By Jessika Perez
Grand Rapids Community College’s production of “Tigers Be Still,” a comedy about depression, opened Thursday, Oct. 14.
The play, written by Kim Rosenstock and directed by Tom Kaechele, will run Oct. 14 -16 at 8 p.m. in Spectrum Theater, located in Downtown Grand Rapids. The show takes a look at different faces of depression through its five characters: sisters Sherry and Grace, their mother, and father and son: Joseph and Zack. The show remains true to its comedy genre all the while touching on tough subjects such as alcoholism, job insecurity, grief, abandonment, chronic illness and body image. As a warning, strong language is used.
“(The show) made it a more approachable sort of situation so that it wasn’t as heavy,” said Eliana Hilliker, 21, GRCC student from Allendale. Hilliker plays the main protagonist Sherry, a recently graduated art therapist trying to pull her family through depression while taking on a new job and troubled first client.
“So you really could come to process it but you could also come to enjoy yourselves,” she added. Hilliker echoes Sherry’s can-do attitude with, “Life sucks sometimes, but you can always find a reason to keep going and to keep trying.”
Though it explores deep topics and layered characters, this show is far from deadpan. The character Grace pulls good laughs with her strange antics – she refuses to leave the couch and a karaoke machine is involved.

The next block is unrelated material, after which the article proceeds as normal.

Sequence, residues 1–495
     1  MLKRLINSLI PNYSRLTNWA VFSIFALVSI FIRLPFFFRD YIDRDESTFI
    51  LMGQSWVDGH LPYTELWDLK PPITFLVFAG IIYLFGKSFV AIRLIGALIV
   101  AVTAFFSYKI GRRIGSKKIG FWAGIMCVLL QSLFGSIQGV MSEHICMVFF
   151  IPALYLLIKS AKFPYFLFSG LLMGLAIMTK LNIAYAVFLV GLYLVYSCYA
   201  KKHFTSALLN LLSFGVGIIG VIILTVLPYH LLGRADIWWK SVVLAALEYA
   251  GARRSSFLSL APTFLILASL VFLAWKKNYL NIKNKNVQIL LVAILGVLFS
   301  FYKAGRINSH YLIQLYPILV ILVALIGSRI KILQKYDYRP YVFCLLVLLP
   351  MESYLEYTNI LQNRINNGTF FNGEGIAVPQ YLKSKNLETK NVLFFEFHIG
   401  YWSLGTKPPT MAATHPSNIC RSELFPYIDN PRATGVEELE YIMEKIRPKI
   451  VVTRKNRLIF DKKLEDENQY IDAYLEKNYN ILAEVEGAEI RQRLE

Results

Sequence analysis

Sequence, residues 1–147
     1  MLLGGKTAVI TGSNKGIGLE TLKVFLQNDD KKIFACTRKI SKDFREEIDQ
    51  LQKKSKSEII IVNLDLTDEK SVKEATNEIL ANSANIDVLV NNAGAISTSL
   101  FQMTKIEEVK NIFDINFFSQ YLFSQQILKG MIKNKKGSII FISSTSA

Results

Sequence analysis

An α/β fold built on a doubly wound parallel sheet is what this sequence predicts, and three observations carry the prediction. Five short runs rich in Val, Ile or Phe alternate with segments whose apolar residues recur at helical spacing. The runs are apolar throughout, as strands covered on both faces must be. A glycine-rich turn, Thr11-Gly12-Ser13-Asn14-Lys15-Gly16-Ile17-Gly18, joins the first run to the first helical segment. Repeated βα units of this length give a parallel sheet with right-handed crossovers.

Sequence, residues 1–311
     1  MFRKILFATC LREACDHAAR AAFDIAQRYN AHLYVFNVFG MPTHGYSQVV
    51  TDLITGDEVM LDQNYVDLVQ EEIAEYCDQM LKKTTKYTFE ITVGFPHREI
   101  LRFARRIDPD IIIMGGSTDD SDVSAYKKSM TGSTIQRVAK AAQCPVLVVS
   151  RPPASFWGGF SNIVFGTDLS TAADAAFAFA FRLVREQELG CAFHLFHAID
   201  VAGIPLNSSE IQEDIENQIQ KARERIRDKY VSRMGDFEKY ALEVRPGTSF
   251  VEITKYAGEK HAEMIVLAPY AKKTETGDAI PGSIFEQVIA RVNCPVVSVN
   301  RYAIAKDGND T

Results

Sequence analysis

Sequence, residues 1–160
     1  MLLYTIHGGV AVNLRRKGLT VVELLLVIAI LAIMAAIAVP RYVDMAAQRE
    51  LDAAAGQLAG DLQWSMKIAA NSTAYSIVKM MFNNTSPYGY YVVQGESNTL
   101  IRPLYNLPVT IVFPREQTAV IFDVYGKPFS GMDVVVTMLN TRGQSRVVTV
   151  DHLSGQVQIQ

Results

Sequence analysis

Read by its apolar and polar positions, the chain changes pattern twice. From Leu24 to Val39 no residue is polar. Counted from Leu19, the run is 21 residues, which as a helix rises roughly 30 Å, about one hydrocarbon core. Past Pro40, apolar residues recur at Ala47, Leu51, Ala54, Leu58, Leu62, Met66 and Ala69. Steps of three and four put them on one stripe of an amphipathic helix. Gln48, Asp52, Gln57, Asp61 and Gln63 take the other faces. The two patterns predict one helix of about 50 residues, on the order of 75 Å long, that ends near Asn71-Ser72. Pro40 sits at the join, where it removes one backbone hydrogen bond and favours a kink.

The character Zack, an 18-year-old with anger issues, is played by student Sky Rodriguez, 20, from Grand Rapids.
“‘Tigers’ has always been just something that I’ve always liked whether or not it touched on depression,” Rodriguez said. “It’s more of the light comedy that a lot of people can decipher if they can laugh at this thing or not – it’s just always been really good.”
Show dates for “Tigers Be Still” were originally set for March 2020. The cast recalls Kaechele receiving a phone call during a rehearsal informing everyone on campus to evacuate immediately.
“It was like the most eerie thing, like the whole campus was closed and that was about two weeks before our original production dates. And then it locked down.” -Hilliker
When students were able to return to campus, Kaechele reached out to the cast to reprise their roles and finally perform for an audience.
“We had to relearn everything,” Rodriguez recounts, but altogether felt better the second time around. “We felt like we were more prepared in how we addressed this entire thing instead of how we were acting when we were first doing it.”
Tickets may be purchased online or by calling (616) 234-3946. Prices are as follows: $5 for GRCC students, $8 for faculty and staff, and $12 for the general public. Masks are required.